Once you’ve gathered the appropriate materials and prepared for payment, you are ready to make an appointment at the nearest consulate. In most cases, you should be able to make an appointment on the embassy’s website. On the day of your appointment, be sure to give yourself ample time to find parking and to locate the office.

It’s important to stress that the application process might vary slightly depending on where the embassy is located. You will therefore want to make sure that you visit the consulate’s website, and if you have any further questions, call the consular office.


The CRBA will contain the child’s name, gender, date of birth, and place of birth; the date of certification; and the name(s) and date(s) of birth of the parent(s) — in addition to the Consul’s signature and an official seal.

According to the U.S. Department of State, the person listed on the CRBA, an authorized individual, an authorized government agency, or a parent may replace or amend an existing CRBA. If the person listed on the document is submitting the request, they must be over the age of 18.

To amend the document, you’ll need to write a notarized letter containing all the pertinent information, including:

  • Your full name
  • Aliases
  • Names of your parents or guardians
  • Dates of birth for both you and your parents
  • Proposed changes
  • Passport details
  • CRBA serial number
  • Contact information, including phone number and email
  • The signature of the person requesting the amendment

You’ll also need to gather original copies of the official documents supporting the proposed amendment. For instance, if you’re changing your name, you’ll need the court order authorizing you to do so. It’s also required that you send any existing CRBAs and any other birth-related documents issued by the State Department. If this isn’t possible, you can submit a notarized affidavit explaining your situation.

Once these materials have been gathered, you’ll need photo identification (such as a driver’s license or passport) and a $50 check or money order made out to “U.S. Department of State.” You can then send everything to the following address:

U.S. Department of State

Passport Vital Records Section

44132 Mercure Cir.

PO Box 1213

Sterling, VA 20166-1213

The process for replacing a CRBA is essentially the same, except you won’t need to include the original document in your application, nor will you need to explain any proposed amendments.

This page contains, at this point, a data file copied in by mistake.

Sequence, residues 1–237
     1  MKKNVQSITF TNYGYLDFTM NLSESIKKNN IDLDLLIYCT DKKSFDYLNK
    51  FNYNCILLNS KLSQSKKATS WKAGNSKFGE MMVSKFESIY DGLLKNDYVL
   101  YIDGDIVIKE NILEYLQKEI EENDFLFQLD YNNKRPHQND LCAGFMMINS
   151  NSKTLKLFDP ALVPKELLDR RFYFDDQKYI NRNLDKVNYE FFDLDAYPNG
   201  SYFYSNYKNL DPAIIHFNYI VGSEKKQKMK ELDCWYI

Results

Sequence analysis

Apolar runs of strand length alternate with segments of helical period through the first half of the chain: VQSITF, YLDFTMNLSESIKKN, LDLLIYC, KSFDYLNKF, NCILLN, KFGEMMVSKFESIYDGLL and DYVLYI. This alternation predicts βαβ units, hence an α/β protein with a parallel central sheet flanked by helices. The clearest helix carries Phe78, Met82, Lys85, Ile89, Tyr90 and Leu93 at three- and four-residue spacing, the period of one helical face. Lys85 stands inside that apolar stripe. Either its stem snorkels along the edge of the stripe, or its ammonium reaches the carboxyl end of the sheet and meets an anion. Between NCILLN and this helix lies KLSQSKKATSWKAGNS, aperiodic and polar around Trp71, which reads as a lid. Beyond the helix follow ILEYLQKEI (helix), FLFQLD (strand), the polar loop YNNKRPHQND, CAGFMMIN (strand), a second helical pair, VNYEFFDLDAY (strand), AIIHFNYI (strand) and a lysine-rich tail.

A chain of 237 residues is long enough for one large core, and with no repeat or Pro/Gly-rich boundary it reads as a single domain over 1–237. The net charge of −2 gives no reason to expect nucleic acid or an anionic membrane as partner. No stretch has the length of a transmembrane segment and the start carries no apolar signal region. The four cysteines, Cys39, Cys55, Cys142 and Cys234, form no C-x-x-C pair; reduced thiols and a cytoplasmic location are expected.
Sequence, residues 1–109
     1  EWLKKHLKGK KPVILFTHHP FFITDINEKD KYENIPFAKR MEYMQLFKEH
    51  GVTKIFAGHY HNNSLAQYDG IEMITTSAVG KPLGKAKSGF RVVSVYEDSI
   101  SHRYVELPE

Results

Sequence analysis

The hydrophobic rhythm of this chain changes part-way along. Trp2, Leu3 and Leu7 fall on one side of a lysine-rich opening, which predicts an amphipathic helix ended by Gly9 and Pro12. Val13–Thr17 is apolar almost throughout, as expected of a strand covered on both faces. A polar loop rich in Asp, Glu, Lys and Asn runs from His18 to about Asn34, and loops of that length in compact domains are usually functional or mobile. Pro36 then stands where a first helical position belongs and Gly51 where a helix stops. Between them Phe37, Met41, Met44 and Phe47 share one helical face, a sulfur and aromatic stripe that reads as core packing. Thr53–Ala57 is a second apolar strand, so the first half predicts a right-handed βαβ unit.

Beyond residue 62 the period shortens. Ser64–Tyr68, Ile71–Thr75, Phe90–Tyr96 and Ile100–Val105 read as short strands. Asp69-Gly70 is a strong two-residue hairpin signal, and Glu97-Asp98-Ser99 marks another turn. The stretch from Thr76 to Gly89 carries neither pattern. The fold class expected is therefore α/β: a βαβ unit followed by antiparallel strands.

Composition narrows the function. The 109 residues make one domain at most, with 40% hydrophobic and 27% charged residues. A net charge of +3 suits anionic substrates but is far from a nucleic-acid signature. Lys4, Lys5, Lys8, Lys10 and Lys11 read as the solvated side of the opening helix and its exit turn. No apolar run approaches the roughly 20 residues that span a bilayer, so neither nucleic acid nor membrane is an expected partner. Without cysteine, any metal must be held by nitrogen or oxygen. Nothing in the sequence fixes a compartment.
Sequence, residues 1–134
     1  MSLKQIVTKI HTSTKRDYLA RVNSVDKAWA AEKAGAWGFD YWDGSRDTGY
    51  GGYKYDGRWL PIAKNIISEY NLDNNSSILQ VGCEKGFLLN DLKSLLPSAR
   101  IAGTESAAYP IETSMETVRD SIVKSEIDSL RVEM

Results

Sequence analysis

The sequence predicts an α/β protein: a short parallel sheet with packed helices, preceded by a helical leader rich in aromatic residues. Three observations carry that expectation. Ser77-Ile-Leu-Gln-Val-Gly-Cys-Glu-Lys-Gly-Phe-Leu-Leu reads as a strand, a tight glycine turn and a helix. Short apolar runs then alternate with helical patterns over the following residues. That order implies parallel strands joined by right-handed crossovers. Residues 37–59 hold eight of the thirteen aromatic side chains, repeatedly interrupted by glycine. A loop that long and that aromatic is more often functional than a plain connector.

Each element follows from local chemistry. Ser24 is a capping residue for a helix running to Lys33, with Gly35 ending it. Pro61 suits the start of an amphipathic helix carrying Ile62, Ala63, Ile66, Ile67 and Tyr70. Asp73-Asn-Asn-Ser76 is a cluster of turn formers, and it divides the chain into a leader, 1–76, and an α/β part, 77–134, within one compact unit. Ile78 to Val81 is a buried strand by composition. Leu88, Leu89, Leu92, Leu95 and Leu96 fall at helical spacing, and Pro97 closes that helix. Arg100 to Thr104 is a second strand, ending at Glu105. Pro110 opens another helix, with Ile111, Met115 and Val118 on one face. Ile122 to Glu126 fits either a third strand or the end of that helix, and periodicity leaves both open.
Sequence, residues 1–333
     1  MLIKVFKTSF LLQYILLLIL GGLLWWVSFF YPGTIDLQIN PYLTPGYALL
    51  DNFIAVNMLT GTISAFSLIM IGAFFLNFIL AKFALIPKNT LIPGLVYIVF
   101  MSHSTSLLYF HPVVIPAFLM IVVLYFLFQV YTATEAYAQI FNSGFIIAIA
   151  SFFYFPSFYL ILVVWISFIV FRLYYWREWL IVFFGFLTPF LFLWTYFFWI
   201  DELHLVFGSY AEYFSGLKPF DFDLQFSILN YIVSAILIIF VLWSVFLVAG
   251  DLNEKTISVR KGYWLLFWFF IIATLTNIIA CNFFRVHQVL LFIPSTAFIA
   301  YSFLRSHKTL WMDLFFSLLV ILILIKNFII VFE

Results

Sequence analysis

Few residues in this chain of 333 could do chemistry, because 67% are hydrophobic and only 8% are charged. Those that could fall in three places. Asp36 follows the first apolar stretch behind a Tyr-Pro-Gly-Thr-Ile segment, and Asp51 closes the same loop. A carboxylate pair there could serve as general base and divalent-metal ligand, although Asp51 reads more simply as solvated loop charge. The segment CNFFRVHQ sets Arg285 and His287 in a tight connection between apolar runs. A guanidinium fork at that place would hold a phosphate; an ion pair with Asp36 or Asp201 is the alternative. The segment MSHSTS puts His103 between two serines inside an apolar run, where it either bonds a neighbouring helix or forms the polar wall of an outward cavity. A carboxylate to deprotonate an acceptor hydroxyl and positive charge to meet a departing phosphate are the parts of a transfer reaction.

Yes. A family member or a friend of at least five years may submit a request on your behalf. First, you’ll need to write a statement authorizing the person to request the documents. Then, you will need photocopies of two secondary IDs, which might include a Social Security card, a credit card, a health insurance card, a birth certificate, a college ID or some form of state identification.

The person submitting the request will also need to write a notarized statement and provide a valid form of primary identification — this might include a driver’s license, a military ID or a passport.

Yes. According to the State Department, anyone born as a U.S. national in one of the current or former U.S. territories (or outlying possessions) during a given time period may not apply for a CRBA. This is simply because the person is not considered to be “born abroad.” The locations and time periods are as follows:

  • The Panama Canal Zone, prior to October 1st 1979
  • Puerto Rico, following April 10th, 1899
  • Guam, any time after December 23rd, 1952
  • Swains Island, following March 3rd 1925
  • The Commonwealth of the Northern Mariana Islands, any time after 8:00pm Eastern Standard Time on January 8th, 1978
  • The Philippines, prior to July 4th, 1946
  • American Samoa, following February 15th, 1900
  • U.S. Virgin Islands, after January 16th 1917
Boundless guides

No time for research? We provide an easy, guided application experience, with 4 anti-rejection checks and a lawyer review. Get started for free.